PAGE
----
When the conditioned odour was presented in a test (Figure 1, grey panels), the level of PER recorded corresponded mainly to that found in the last acquisition trial (McNemar tests [2 × 2 Table]: in all cases p > 0.05). To compare generalisation after conditioning, and because acquisition levels were heterogeneous between odours, we built a generalisation matrix in which only bees responding to the CS at the end of training (3rd conditioning trial) were considered (Figure 2). The number of individuals included in the statistical analysis varied within each ‘training odour/test odour' pair. The number of bees completing the tests varied between 17 and 28 for primary alcohols, between 13 and 29 for secondary alcohols, between 23 and 30 for aldehydes, and between 11 and 31 for ketones. The responses to the CS in the tests ranged between 70% and 100% in the generalisation matrix. All further analyses were carried out on this matrix. In the following sections, we will use the matrix data to analyse generalisation within and between functional groups, within and between chain lengths, and the asymmetries in olfactory generalisation.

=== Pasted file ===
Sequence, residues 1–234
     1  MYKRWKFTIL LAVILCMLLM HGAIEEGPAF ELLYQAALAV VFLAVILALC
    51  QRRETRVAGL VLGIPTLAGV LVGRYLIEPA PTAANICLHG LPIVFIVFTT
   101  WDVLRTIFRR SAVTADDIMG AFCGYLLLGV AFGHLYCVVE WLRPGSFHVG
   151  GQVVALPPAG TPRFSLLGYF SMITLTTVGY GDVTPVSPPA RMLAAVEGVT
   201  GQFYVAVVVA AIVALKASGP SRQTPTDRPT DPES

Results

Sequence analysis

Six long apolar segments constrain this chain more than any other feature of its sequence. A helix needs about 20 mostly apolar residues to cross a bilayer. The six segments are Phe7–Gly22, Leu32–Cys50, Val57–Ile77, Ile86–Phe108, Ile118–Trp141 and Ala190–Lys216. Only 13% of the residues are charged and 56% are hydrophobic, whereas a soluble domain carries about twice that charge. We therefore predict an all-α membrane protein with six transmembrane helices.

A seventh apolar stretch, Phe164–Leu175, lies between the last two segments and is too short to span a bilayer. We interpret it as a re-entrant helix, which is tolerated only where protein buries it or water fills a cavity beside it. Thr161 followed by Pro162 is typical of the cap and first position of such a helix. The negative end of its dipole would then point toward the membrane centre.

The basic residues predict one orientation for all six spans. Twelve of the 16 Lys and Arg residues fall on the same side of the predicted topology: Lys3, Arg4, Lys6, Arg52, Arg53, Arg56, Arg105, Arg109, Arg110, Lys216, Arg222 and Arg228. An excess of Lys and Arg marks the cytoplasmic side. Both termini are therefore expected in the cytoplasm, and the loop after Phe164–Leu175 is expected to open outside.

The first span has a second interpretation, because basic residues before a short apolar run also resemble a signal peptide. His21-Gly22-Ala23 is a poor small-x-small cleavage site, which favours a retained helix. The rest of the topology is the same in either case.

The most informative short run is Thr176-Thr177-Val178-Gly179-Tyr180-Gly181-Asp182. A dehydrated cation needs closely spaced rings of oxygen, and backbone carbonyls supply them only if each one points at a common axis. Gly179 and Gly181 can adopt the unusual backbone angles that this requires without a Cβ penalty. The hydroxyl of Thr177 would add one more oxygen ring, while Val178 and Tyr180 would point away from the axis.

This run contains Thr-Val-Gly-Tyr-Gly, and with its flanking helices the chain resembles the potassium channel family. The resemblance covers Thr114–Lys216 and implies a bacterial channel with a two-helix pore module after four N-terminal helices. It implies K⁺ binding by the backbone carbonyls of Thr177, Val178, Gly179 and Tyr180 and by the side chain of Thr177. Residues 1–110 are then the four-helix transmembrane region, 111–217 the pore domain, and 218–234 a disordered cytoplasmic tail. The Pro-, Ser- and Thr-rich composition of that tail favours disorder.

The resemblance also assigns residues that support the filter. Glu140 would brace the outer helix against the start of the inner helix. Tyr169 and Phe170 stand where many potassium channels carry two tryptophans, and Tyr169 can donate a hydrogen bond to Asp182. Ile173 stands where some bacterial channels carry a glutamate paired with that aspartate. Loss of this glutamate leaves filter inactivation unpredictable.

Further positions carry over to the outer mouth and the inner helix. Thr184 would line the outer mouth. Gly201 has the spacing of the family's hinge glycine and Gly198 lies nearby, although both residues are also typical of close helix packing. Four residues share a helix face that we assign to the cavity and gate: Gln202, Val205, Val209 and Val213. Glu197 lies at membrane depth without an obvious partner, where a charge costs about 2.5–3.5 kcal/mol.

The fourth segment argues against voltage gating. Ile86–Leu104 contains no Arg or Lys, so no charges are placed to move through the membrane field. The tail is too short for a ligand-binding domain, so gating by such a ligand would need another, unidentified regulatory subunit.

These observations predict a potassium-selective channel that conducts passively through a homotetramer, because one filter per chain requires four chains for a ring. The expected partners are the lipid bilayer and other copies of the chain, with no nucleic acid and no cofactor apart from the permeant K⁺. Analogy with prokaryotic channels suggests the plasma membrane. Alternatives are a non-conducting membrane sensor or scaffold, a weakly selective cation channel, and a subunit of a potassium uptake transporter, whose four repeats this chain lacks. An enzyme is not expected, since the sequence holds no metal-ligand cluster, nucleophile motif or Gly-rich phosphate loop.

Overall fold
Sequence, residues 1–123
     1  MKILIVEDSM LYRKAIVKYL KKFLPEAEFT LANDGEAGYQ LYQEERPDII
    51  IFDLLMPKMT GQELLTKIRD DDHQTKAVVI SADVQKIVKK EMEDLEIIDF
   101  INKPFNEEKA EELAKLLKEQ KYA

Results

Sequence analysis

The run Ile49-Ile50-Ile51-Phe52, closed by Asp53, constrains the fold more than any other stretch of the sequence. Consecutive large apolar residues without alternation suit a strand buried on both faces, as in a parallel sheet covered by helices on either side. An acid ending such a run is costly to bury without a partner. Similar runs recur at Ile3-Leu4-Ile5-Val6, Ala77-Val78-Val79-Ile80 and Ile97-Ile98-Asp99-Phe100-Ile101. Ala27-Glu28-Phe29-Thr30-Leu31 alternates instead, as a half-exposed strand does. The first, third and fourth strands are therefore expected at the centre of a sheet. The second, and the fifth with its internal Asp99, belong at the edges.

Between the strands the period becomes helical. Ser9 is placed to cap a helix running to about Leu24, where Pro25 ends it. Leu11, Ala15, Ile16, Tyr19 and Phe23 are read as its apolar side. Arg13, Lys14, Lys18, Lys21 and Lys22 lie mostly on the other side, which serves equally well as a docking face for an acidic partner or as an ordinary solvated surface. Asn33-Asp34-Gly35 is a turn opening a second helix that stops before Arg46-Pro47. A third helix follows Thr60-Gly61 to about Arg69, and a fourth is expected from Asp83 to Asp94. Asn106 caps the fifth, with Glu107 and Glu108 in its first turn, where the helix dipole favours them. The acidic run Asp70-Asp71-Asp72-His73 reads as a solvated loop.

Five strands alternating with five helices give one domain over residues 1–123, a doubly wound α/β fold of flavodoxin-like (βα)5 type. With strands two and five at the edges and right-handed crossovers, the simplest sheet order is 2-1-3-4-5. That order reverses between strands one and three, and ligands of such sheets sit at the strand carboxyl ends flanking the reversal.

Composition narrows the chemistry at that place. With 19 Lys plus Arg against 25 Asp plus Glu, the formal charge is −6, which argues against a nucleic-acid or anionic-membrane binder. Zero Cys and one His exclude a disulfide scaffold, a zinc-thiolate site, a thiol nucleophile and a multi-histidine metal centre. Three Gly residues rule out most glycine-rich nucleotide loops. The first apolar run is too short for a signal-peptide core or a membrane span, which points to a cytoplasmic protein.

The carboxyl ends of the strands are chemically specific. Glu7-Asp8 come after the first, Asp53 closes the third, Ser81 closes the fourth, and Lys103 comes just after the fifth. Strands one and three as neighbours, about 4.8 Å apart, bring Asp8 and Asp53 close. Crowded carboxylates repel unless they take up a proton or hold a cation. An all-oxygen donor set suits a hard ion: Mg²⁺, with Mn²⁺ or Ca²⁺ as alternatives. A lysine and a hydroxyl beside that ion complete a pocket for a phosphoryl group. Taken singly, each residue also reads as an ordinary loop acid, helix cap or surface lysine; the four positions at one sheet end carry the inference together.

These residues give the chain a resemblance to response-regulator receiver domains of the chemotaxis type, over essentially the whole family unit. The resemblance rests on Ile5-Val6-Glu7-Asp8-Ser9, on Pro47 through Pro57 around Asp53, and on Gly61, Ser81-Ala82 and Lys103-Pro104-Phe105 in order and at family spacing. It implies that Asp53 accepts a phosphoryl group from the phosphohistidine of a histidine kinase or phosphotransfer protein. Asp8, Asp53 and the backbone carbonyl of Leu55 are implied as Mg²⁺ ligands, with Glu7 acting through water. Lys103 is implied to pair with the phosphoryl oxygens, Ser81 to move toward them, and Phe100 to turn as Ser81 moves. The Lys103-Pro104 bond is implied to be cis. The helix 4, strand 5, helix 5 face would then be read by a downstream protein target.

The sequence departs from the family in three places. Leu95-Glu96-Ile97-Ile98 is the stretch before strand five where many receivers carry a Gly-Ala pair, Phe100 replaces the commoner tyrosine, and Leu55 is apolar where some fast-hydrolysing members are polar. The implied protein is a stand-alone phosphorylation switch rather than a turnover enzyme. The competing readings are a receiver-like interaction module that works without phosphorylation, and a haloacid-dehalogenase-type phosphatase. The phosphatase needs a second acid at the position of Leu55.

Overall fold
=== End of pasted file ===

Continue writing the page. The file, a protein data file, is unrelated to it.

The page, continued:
Figure 2. Olfactory Generalisation Matrix
The generalisation matrix represents the percentage of PER in the tests performed by bees that actually learned the CS, that is, bees that responded to the CS at the third conditioning trial (n = 1,457). Upper part: percentages recorded. Lower part: colour-coded graphic display grouping the level of responses in ten 10% response categories. Red, maximal response; light blue, minimal response.doi:10.1371/journal.pbio.0030060.g002
Generalisation within Functional Groups